In this case, an Irish auditing firm obtained some information from New York in connection with its audits of a Bahamian fund whose investors all resided outside of the United States. As such, PWC Ireland is not subject to personal jurisdiction in New York because it was not transacting business in New York; it was transacting business in Ireland on behalf of non-United States clients. The Plaintiffs have not cited a single case in which a court exercised jurisdiction in comparable circumstances to those presented here. And it is difficult to see how a contrary rule could be adopted in our age of global commerce without abandoning all traditional and fair notions of personal jurisdiction. Cf. McKee Electric Co., 229 N.E.2d at 607-08 ("[D]efendants, as a rule, should be subject to suit where they are normally found, that is, at their pre-eminent headquarters, or where they conduct substantial general business activities. Only in a rare case should they be compelled to answer a suit in a jurisdiction with which they have the barest of contact.")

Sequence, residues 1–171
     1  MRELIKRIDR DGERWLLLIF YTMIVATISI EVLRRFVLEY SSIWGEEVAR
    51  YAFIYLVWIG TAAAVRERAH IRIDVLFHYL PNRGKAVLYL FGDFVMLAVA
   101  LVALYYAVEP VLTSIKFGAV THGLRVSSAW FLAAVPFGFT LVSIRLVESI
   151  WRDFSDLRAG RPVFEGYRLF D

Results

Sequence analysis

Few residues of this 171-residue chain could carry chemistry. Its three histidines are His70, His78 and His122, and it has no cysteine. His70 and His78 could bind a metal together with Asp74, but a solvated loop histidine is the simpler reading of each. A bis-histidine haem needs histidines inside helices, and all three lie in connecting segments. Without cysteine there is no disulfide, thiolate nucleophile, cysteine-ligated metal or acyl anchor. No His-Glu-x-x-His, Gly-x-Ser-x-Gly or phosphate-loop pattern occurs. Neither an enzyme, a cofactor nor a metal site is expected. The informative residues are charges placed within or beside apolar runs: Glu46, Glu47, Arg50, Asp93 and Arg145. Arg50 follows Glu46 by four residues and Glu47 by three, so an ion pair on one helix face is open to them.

ii. Agency Theory

Plaintiffs also attempt to establish personal jurisdiction over PWC Ireland based on an alleged agency with PWC Bermuda and PWC LLP. According to Plaintiffs, PWC Ireland is subject to personal jurisdiction because representatives from PWC Bermuda and PWC LLP met with Madoff in New York. Later, for a fee, PWC Bermuda submitted a report to PWC Ireland on Madoff's firm's operations. PWC Ireland submitted an affidavit by Ken Owens, a member of PWC Ireland, acknowledging that PWC Ireland paid for the report but asserting that PWC Bermuda created the report for another client who was connected to Madoff but not to the Optimal funds. Owens only requested a copy of the report after learning that it was created. Thus, Owens' unrefuted declaration confirms that PWC Ireland did not exercise any control over any other PWC entity, which, as Plaintiffs acknowledge, is the hallmark of an agency relationship. According to Owens, at no time did PWC LLP or PWC Bermuda act as the agent of PWC Ireland when they met with Madoff in New York. PWC Ireland never instructed the other PWC entities on meeting with Madoff or preparing the report. Plaintiffs do not offer any evidence rebutting Owens' affidavit. Therefore, the Plaintiffs cannot carry their burden of establishing the agency relationship necessary to impute PWC LLP's and PWC Bermuda's conduct to PWC Ireland for personal jurisdiction purposes.